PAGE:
Coming Up in 2023
As Happy As God In France
Burgh House 26 January 2023
We will mark Holocaust Memorial Day 2023 with a semi-staged reading of AS HAPPY AS GOD IN FRANCE by Julia Pascal, which explores a little known incident in the life of German Jews Hannah Arendt, Charlotte Salomon and Eva Daube in the chaotic weeks between Armistice and Occupation.
Supported by the Cockayne Foundation and the London Community Foundation.
Line drawing by Anne Sassoon.
Spring 2023: A Manchester Girlhood
Touring the Northwest:
Jewish Museum, Manchester, 23 April 2023
And in London:
JW3, London, 21, 22, 23 May 2023
An exploration of a Romanian Jewish family’s journey to early 20th century Manchester and the journey of three girls into mature women over the major events of time. The play, written and directed by Julia Pascal, focuses on three daughters, bonded and divided by competition, war, love and jealousy.
Women for Women Continues
Women for Women
Why are so many 19th century innovators hidden from mainstream history? Because they are women? Why have they been written out of traditional narratives? We are working to redress this in our project. We thank academics and writers who are contributing stimulating profiles championing trailblazing women.
In communities and schools, we have walked and talked and written and spoken about the women who have changed the status of women in education, the arts, science and welfare. Our workshops have included all ages and have raised awareness about this heritage.
There is more to come.
If you would like to contribute or get involved, please contact us.
A Look Back…
Dancing, Trailblazing, Taboo! Eleanor Marx: A Life in Movement
Performed at the Royal National Hotel in October.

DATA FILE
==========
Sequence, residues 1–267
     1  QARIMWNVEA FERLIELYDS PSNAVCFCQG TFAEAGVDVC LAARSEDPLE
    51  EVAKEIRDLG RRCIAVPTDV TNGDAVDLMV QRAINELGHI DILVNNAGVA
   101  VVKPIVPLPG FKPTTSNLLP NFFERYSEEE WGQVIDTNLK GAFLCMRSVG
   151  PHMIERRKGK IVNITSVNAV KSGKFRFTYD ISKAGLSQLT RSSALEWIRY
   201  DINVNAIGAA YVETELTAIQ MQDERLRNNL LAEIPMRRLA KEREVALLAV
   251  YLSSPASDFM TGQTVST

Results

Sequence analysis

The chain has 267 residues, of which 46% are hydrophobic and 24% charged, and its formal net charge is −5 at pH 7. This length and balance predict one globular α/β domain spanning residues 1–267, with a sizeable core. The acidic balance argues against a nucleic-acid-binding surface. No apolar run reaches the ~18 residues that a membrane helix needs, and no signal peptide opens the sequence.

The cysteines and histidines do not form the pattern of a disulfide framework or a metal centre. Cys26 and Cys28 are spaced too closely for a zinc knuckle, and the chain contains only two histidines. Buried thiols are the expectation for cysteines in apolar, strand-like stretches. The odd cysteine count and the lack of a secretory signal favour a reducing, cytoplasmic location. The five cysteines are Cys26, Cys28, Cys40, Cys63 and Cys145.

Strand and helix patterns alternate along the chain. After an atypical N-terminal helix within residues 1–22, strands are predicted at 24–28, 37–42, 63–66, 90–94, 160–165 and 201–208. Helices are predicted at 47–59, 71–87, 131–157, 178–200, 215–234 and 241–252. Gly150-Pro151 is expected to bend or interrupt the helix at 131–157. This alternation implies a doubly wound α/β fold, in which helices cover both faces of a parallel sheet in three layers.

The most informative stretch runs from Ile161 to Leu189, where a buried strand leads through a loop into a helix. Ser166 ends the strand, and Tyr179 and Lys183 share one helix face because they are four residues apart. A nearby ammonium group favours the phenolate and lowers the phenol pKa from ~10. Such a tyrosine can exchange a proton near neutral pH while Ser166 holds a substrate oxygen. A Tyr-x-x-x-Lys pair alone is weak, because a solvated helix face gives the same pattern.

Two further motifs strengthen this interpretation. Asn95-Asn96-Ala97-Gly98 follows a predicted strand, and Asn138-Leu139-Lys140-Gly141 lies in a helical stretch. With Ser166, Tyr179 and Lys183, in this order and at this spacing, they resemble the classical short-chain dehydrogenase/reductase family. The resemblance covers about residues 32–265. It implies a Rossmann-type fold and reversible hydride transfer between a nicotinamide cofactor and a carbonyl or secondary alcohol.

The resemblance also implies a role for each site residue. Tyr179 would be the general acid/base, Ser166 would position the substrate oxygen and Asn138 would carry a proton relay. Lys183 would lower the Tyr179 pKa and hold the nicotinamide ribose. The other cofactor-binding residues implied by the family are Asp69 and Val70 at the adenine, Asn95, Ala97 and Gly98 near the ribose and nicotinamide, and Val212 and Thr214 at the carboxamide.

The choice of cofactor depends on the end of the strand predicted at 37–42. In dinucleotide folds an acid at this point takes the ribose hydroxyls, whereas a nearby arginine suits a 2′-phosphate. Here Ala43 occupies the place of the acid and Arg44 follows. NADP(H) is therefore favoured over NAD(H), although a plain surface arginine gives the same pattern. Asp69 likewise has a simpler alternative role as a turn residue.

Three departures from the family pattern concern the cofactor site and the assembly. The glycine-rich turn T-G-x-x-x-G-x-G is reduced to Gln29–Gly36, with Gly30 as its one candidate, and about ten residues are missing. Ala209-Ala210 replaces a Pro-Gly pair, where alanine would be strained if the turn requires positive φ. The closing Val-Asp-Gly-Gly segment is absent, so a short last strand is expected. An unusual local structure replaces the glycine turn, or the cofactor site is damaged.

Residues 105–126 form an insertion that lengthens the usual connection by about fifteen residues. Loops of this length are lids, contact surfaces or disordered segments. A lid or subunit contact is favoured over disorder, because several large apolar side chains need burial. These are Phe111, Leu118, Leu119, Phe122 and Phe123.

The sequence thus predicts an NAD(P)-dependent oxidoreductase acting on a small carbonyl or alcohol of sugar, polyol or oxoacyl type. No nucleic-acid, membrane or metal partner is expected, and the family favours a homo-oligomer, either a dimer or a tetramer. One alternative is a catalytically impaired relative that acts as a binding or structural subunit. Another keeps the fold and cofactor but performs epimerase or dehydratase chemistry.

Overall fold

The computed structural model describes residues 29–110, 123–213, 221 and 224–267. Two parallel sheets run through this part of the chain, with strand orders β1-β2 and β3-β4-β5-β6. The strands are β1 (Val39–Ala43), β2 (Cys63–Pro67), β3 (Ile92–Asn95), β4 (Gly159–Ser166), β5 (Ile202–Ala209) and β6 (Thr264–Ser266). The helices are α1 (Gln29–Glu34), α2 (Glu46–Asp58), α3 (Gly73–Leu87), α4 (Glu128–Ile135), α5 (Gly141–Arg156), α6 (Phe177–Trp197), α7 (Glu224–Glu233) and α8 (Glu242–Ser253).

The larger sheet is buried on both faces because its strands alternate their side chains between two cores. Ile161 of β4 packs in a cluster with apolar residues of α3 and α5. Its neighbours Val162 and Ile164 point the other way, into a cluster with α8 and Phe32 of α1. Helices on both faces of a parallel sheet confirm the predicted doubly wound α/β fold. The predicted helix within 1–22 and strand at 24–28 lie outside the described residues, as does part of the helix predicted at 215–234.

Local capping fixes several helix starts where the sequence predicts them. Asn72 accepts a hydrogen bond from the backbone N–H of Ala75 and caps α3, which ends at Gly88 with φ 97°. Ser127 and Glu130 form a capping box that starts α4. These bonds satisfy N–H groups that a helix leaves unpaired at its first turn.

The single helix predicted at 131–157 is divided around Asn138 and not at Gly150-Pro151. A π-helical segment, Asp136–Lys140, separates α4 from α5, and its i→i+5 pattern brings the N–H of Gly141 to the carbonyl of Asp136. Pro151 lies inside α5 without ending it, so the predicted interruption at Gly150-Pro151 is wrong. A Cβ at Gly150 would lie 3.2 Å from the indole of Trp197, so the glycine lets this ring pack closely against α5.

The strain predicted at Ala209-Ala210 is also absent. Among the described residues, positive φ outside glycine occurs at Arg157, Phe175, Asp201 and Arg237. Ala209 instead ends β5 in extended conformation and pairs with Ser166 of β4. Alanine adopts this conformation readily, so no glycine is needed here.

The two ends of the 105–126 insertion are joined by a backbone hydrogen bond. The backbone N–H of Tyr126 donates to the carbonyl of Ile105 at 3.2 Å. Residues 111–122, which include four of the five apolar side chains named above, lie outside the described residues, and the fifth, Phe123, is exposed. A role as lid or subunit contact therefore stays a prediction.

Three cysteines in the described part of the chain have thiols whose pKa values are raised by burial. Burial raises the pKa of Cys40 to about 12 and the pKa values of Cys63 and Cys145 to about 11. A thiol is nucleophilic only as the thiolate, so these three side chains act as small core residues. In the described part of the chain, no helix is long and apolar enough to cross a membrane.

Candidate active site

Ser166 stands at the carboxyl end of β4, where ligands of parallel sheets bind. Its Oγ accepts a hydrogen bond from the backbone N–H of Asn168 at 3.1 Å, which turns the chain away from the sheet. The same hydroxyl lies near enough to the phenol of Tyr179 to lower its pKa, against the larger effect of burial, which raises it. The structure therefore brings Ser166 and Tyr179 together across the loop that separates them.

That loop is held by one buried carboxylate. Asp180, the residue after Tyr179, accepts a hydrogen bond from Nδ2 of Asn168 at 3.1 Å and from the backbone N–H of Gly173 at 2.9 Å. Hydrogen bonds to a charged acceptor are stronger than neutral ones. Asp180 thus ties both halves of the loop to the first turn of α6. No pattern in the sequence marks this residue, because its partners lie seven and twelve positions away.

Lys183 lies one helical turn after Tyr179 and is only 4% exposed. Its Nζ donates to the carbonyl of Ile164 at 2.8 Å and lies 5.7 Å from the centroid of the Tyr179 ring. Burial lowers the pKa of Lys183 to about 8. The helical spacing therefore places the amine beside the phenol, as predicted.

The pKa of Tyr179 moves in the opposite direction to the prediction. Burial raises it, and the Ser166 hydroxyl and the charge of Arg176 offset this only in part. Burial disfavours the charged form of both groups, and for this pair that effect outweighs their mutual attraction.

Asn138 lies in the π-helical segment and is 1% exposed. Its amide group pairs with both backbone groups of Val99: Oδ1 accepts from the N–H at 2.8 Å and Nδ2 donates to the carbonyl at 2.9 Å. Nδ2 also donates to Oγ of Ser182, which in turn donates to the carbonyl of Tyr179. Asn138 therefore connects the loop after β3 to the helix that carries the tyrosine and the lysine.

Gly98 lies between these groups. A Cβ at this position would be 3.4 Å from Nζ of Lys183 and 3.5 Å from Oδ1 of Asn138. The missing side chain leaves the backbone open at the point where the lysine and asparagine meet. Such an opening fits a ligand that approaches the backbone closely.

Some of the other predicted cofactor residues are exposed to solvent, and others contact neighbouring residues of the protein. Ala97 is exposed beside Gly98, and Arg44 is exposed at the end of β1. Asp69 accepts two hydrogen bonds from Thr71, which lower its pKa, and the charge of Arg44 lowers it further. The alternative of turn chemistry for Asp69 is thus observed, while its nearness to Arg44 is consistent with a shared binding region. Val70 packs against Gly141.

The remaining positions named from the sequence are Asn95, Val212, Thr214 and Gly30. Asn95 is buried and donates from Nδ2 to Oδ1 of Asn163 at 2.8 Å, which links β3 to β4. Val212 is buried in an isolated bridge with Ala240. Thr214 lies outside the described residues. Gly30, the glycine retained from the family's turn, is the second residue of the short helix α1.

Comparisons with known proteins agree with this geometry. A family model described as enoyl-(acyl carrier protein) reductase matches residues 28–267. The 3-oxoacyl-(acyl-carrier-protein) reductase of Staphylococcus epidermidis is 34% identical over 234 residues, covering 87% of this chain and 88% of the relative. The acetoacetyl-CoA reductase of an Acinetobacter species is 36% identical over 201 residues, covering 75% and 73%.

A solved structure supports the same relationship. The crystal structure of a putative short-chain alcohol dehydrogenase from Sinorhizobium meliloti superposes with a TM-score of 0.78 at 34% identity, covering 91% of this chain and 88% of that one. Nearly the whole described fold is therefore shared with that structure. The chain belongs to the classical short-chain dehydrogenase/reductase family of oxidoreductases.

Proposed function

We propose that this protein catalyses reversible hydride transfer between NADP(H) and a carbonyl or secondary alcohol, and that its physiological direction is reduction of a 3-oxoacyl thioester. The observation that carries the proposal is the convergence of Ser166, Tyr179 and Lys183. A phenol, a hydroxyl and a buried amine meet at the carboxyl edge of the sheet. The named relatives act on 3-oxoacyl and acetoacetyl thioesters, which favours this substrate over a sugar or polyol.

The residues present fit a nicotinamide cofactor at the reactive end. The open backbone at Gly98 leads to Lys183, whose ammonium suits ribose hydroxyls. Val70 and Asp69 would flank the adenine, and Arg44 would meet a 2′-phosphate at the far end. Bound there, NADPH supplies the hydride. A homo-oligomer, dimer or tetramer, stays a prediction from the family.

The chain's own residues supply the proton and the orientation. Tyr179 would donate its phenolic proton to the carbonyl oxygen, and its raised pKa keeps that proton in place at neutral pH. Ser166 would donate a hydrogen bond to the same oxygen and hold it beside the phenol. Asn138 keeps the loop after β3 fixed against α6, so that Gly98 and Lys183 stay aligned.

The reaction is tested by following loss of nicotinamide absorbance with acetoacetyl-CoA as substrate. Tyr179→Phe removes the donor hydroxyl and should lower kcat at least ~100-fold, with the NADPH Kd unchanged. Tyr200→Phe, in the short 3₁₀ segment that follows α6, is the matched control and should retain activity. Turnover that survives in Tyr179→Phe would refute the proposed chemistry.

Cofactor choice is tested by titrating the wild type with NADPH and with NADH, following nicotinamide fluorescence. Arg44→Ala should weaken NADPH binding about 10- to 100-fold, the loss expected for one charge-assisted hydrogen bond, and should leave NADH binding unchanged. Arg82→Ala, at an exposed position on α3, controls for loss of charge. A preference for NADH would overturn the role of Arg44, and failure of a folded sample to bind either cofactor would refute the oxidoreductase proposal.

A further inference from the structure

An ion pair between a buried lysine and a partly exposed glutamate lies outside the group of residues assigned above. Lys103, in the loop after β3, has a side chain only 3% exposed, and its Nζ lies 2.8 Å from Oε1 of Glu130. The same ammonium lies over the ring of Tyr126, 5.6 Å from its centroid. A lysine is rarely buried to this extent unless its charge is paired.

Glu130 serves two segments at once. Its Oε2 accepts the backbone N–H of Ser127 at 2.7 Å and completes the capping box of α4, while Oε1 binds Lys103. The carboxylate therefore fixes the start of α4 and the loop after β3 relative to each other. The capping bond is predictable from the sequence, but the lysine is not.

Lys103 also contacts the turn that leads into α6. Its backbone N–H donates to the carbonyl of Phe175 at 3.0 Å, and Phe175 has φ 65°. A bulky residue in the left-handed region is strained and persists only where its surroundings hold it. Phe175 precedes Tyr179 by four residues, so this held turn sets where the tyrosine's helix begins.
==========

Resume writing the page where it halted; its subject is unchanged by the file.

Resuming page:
The dance-theatre event performed at the Bloomsbury Festival was a huge success. Collaborating with students from London Contemporary Dance School and professional actors Ruth Getz, Lesley Lightfoot and Amanda Maud, Julia Pascal created a celebration of the brilliance of Eleanor Marx.
12:37 at Finborough Theatre
To write an epic play on this scale, using only five actors, is quite an achievement. London Theatre1, John Groves
This is an important and complex play that attempts to raise nuanced and controversial questions around Jewish violence and national identity.
What an impressive and profound piece of theatre! It worked on so many levels – your writing, your directing and staging, the quality, accuracy, versatility and energy of your terrific cast. It’s both moving and distressing and you’re brilliant!
In association with Neil McPherson
Written and Directed by Julia Pascal
With Alex Cartuson, Ruth Lass, Danann McAleer, Lisa O’Connor, Eoin O’Dubhghaill
Performed at Finborough Theatre
We all want quiet. We all want beauty … we all need space. Unless we have it, we cannot reach that sense of quiet in which whispers of better things come to us gently.
Many of us may enjoy Hampstead Heath, visit National Trust properties, talk about preserving the ‘green belt’ from development and shop at Octavia Foundation charity shops.
But, to who do we owe this legacy? We celebrated the work of Octavia Hill learning about her life and work and reflecting on changes nowadays and who is fighting these battles nowadays.